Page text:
Poet and critic Paul Valéry got to the heart of the relationship between art and business when he wrote, in 1922, “[For lovers of perfection], a work is never finished…but abandoned,” the act of abandonment being “the result of weariness or an obligation to deliver.” We software developers are, in the main, lovers of perfection–and we are subject to both weariness and pressure to deliver, forces that militate against at least some of our aspirations to perfection in our work.
In one sense, software must be perfect–it must run flawlessly–or it is nothing. But practitioners of the art of programming have idea(l)s of aesthetics and style and form that go beyond functionality. Even after we deliver functionally perfect code, we nonetheless feel, with Valéry, that we have abandoned the code. There’s more, sometimes much more, that we want to do with it: we want to make it more elegant, more idiomatic, more transparent to ourselves and to whoever looks at it next.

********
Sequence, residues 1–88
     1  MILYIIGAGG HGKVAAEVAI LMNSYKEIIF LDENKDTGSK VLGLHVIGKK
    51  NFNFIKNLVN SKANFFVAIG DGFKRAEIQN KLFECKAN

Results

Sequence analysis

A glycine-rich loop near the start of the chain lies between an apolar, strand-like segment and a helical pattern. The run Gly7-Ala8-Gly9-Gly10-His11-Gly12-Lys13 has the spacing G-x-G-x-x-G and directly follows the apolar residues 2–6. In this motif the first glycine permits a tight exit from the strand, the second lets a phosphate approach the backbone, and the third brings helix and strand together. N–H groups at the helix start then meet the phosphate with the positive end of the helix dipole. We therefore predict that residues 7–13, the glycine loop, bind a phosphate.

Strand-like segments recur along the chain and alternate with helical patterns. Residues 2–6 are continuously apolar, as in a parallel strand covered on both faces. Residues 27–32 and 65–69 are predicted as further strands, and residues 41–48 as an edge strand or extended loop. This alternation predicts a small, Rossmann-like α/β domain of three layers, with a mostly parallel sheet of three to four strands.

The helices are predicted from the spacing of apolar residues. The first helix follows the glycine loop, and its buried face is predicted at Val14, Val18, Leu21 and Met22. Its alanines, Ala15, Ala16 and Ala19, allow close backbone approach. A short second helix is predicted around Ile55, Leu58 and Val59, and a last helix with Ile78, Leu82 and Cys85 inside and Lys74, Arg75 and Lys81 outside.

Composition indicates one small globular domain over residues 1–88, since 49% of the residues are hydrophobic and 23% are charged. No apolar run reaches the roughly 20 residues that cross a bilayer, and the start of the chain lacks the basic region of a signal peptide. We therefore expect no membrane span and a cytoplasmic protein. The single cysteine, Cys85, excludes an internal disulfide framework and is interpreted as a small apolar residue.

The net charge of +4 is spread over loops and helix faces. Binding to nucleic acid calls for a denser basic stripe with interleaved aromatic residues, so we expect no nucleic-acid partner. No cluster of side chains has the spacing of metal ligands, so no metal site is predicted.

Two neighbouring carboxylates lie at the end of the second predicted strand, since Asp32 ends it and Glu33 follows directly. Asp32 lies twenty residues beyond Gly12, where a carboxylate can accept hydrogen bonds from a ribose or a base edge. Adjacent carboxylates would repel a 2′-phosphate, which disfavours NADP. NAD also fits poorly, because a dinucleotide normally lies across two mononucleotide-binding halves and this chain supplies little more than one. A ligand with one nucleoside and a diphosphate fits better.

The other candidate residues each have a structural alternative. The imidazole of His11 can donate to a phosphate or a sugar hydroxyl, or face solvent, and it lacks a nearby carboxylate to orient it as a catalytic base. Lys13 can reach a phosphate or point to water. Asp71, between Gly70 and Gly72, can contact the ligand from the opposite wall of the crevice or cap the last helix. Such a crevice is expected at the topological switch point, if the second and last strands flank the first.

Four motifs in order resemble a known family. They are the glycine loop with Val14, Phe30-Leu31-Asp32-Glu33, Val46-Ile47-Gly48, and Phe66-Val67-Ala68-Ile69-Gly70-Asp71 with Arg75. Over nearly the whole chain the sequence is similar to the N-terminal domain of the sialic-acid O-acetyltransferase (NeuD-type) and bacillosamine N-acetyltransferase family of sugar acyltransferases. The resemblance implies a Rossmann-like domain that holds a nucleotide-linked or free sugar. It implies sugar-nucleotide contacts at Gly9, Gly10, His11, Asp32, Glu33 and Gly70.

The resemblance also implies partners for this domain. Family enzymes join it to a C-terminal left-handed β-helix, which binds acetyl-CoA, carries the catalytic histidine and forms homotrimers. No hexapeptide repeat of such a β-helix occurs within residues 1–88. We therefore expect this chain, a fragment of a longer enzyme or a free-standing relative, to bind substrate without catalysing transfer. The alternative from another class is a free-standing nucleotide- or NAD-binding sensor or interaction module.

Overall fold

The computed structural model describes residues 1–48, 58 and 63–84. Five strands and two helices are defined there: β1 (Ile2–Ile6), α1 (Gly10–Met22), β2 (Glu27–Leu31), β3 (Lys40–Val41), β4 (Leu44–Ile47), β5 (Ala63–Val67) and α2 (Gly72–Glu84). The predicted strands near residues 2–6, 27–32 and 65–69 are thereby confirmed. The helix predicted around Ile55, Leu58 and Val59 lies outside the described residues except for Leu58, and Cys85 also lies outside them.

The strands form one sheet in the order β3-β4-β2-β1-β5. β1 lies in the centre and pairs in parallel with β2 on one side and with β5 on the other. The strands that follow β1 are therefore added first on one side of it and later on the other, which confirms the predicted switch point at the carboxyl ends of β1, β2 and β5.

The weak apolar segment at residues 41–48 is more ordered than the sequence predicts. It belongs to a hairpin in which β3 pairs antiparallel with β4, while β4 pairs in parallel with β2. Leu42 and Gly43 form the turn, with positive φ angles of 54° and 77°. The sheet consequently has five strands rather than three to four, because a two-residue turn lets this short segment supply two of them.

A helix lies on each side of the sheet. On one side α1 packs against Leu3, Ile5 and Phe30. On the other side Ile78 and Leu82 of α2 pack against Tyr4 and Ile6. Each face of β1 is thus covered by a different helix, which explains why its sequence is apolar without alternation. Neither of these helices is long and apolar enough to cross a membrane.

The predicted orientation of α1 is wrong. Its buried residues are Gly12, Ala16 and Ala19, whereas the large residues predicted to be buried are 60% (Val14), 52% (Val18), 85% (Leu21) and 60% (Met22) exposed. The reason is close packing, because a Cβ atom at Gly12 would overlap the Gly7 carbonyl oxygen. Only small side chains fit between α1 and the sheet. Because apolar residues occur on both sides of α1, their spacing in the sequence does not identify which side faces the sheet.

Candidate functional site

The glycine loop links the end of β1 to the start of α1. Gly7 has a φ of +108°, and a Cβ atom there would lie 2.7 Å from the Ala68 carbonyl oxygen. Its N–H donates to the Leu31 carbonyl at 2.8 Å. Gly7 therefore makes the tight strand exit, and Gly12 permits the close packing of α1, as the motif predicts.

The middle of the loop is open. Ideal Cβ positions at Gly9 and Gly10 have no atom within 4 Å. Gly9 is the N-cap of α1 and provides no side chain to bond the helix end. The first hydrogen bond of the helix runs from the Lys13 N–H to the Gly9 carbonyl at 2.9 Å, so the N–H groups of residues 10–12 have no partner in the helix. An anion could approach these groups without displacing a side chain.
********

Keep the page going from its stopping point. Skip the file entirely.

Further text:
To the business stakeholders, polishing and refactoring code that already works can seem like a straightforward waste of time, an extravagance. It’s difficult to gainsay that perspective. Yet we’ve all seen cases where making the code beautiful, readable, and approachable pays dividends in saved time (and therefore money) down the road, when the same code is touched again.
Can our drive toward a second-order, post-functional perfection be good for business? There’s no simple answer. This talk will explore the question.